I have also had treatment from a physiotherapist at the UniMed clinic, who gave me simple exercises that immediately helped and within a couple of weeks completely relieved the cording that had developed in my left arm months after the lymph node removal. These gentle movements were somewhat different to those shown me by the other physiotherapist. The main distinction in her method was that it depended on beginning with and developing a deep connection with the body, not just mechanical movements while the mind might be elsewhere.

I hope it is obvious that Serge works very well with conventional medicine and is not at all opposed to it. In fact, he has often said that we have never had better medical treatment and he has particular praise for surgeons. I believe that his work is truly a complement to the conventional methods and when the two are combined, the patient is very fortunate indeed.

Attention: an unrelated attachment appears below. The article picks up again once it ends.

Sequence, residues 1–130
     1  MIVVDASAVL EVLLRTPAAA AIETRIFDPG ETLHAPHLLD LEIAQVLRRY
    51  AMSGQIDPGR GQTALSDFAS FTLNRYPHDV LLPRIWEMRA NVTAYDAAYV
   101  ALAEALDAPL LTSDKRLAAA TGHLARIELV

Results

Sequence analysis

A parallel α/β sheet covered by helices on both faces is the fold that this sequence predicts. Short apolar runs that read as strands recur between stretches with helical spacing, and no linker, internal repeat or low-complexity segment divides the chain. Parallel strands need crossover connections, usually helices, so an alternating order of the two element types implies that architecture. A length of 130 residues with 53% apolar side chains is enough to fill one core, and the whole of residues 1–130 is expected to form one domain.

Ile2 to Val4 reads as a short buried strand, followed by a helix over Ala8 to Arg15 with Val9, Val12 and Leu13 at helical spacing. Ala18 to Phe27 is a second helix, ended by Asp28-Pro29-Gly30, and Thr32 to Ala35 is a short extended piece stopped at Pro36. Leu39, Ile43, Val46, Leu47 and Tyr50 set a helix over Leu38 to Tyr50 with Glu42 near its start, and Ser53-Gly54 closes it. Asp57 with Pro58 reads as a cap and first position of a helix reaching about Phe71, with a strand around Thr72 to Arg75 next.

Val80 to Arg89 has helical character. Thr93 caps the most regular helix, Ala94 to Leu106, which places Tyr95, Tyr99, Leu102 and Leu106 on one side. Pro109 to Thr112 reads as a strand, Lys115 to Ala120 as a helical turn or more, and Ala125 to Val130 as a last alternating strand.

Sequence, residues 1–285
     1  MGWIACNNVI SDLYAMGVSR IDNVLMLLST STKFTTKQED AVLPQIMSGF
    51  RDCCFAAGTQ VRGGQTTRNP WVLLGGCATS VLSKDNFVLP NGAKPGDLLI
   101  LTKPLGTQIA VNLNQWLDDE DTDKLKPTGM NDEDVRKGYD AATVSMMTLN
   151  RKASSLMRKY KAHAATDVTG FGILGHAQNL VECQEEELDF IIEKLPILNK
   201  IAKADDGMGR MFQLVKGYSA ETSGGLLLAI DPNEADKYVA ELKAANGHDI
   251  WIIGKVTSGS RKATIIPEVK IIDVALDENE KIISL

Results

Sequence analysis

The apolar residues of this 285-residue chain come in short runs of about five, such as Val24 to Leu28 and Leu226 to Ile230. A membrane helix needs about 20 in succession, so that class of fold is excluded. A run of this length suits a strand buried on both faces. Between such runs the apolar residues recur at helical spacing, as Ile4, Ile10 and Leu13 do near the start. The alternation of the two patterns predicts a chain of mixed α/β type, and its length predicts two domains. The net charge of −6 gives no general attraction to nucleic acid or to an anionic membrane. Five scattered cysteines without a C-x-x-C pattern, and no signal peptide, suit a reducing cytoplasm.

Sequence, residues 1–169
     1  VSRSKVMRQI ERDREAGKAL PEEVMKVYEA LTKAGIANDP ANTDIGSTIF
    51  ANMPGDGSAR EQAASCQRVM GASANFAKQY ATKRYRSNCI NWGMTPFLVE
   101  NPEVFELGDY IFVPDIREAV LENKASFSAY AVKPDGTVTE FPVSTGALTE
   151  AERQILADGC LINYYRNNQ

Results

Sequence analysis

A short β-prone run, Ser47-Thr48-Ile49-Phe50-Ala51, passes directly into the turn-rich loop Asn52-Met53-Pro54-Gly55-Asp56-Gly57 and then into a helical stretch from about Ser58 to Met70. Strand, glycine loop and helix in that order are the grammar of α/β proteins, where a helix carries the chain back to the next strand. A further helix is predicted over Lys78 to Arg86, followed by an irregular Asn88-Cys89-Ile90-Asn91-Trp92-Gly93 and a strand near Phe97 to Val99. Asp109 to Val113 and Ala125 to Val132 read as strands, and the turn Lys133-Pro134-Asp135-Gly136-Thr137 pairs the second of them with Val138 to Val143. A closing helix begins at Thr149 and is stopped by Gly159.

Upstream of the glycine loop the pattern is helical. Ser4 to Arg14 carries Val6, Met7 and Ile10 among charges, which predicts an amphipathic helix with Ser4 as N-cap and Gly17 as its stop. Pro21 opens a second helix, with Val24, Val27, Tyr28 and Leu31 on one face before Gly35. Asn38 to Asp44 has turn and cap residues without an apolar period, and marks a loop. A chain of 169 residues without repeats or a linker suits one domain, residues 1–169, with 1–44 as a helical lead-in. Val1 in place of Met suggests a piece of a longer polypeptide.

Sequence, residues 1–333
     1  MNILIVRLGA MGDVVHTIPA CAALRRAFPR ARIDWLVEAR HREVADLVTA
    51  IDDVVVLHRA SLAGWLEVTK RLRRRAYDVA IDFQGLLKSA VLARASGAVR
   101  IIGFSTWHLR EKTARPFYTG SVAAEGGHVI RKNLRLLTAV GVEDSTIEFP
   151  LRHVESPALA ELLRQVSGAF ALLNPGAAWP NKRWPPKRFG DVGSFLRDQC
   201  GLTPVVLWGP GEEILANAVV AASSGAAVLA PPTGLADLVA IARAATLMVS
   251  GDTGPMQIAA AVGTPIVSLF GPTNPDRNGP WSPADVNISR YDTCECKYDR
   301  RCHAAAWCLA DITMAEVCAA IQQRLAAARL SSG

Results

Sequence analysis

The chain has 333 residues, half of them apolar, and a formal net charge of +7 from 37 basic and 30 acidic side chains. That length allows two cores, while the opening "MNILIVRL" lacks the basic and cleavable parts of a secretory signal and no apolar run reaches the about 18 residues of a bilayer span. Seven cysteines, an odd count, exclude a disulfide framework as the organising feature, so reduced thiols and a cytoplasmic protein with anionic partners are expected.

One of the most significant things to understand about Serge and other practitioners at Universal Medicine is that they first take great care of themselves. They heed the old dictum: “Physician, heal thyself.”

167 thoughts on “Cancer Patient Experience: “Serge works very well with Conventional Medicine”.

  1. Judith’s openness and willingness to embrace both the world of Esoteric Healing and Allopathic Medicine was a great part of her healing and her ability to live fully and joyfully to the end with a sense of clarity and purpose, not discounting the pain that she lived with on a daily basis.

  2. It is abundantly clear from Judith’s sharing and leaves no doubt that Serge Benhayon and all practitioners associated with Universal Medicine have a deep regard for and work alongside conventional medicine in the best interests of the patient.